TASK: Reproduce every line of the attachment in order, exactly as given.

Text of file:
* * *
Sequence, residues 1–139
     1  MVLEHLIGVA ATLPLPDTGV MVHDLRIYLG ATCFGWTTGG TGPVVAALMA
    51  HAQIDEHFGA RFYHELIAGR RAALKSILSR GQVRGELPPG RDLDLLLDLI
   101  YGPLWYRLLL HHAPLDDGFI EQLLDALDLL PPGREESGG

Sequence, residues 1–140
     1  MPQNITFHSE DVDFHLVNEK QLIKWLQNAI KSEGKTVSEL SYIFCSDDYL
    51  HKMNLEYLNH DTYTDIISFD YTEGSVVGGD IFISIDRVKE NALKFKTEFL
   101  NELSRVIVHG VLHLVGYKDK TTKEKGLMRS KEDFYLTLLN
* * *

Sequence, residues 1–139
     1  MVLEHLIGVA ATLPLPDTGV MVHDLRIYLG ATCFGWTTGG TGPVVAALMA
    51  HAQIDEHFGA RFYHELIAGR RAALKSILSR GQVRGELPPG RDLDLLLDLI
   101  YGPLWYRLLL HHAPLDDGFI EQLLDALDLL PPGREESGG

Sequence, residues 1–140
     1  MPQNITFHSE DVDFHLVNEK QLIKWLQNAI KSEGKTVSEL SYIFCSDDYL
    51  HKMNLEYLNH DTYTDIISFD YTEGSVVGGD IFISIDRVKE NALKFKTEFL
   101  NELSRVIVHG VLHLVGYKDK TTKEKGLMRS KEDFYLTLLN